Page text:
Photographing a newborn, or baby who has yet learned to crawl offers the advantage of posing them and knowing that they won't move when you click the shutter. Of course they will look at the camera and smile when you ask, just like when you ask them to sleep through the night because you are tired. They won't fuss while shopping at the grocery store, or while eating out at a restaurant.
Okay, by now you've caught on. Babies and toddlers seldom do what you want them to do. Parents can reflect back on the situation in different ways: 1) That went horrible, 2) That could have been worse, 3) That's just how it is with little ones. It's easy to focus on the what the majority of time was spent on (like waiting a long-time for food to be brought to your table at the restaurant while your toddler dumps out all the salt and pepper) instead of how the rest of the meal was incident free.
With a photography session this is even more evident. Photos are taken at fractions of a second. In the course of an hour session, if 120 photos were taken, that could represent less than actual second of time. So, that's the long way of saying that only moments are captured.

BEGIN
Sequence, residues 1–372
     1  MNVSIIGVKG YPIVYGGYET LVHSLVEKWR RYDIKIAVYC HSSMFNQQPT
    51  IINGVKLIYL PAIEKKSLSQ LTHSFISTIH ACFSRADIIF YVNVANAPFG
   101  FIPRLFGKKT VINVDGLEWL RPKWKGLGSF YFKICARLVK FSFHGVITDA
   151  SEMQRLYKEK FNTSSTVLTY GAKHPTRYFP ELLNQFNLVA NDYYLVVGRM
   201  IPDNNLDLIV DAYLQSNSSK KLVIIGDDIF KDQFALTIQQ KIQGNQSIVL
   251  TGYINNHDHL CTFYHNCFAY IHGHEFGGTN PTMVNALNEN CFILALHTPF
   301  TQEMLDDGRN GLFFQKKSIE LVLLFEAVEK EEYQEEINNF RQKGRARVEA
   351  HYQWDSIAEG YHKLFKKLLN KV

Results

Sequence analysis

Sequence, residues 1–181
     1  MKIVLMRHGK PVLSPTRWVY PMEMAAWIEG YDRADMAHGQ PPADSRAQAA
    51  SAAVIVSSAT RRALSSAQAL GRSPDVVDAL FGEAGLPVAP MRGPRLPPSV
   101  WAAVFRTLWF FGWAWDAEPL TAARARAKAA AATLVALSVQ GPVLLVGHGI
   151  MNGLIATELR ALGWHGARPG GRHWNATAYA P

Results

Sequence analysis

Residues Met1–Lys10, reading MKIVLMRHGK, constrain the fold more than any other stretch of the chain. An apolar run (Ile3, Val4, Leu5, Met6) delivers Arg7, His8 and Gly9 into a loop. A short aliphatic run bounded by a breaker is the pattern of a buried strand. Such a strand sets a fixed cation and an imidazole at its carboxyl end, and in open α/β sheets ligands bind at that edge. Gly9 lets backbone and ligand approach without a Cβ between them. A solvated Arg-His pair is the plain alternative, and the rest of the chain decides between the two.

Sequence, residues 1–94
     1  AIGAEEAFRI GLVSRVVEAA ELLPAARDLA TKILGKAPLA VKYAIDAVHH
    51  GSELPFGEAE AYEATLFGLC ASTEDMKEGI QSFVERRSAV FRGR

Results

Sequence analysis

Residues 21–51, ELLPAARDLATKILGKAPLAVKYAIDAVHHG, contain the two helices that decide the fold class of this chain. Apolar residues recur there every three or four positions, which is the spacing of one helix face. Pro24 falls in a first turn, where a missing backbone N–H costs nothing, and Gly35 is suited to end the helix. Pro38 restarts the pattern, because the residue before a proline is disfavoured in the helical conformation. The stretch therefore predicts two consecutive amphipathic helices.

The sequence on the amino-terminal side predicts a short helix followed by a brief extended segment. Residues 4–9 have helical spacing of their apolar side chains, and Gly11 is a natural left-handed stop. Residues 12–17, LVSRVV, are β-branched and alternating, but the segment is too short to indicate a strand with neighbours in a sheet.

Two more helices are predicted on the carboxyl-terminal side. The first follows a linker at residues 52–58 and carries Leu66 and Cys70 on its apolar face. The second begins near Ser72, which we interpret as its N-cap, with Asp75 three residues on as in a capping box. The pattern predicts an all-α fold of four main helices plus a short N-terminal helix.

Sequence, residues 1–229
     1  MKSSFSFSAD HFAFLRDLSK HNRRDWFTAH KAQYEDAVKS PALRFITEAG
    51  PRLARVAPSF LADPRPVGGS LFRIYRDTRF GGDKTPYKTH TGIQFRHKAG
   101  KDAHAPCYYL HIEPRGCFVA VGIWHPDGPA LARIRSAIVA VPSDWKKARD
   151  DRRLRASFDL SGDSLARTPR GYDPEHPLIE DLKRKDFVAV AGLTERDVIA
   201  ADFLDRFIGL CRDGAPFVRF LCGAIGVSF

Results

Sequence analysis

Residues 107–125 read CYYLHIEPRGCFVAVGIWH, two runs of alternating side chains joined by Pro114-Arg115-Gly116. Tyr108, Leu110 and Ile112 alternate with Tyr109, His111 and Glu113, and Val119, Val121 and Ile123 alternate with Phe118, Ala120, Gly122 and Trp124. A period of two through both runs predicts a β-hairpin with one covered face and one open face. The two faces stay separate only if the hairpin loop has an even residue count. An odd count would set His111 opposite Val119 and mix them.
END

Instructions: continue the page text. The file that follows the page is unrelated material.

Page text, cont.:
My session with Will was really nothing to complain about. He was just a mover. There was a lot of placing him, then having him crawl away at top speed, then putting him back to the original position and repeating this over and over again. His mom, Kate, certainly kept busy and in the end stated "Did you get anything?".
It's easy to think that if there's chaos and lack of control at all times, it's going to be tough to get good results. It's all about being ready, knowing what to expect, and patience that gets results. Or maybe it's jut acknowledging who's really the boss.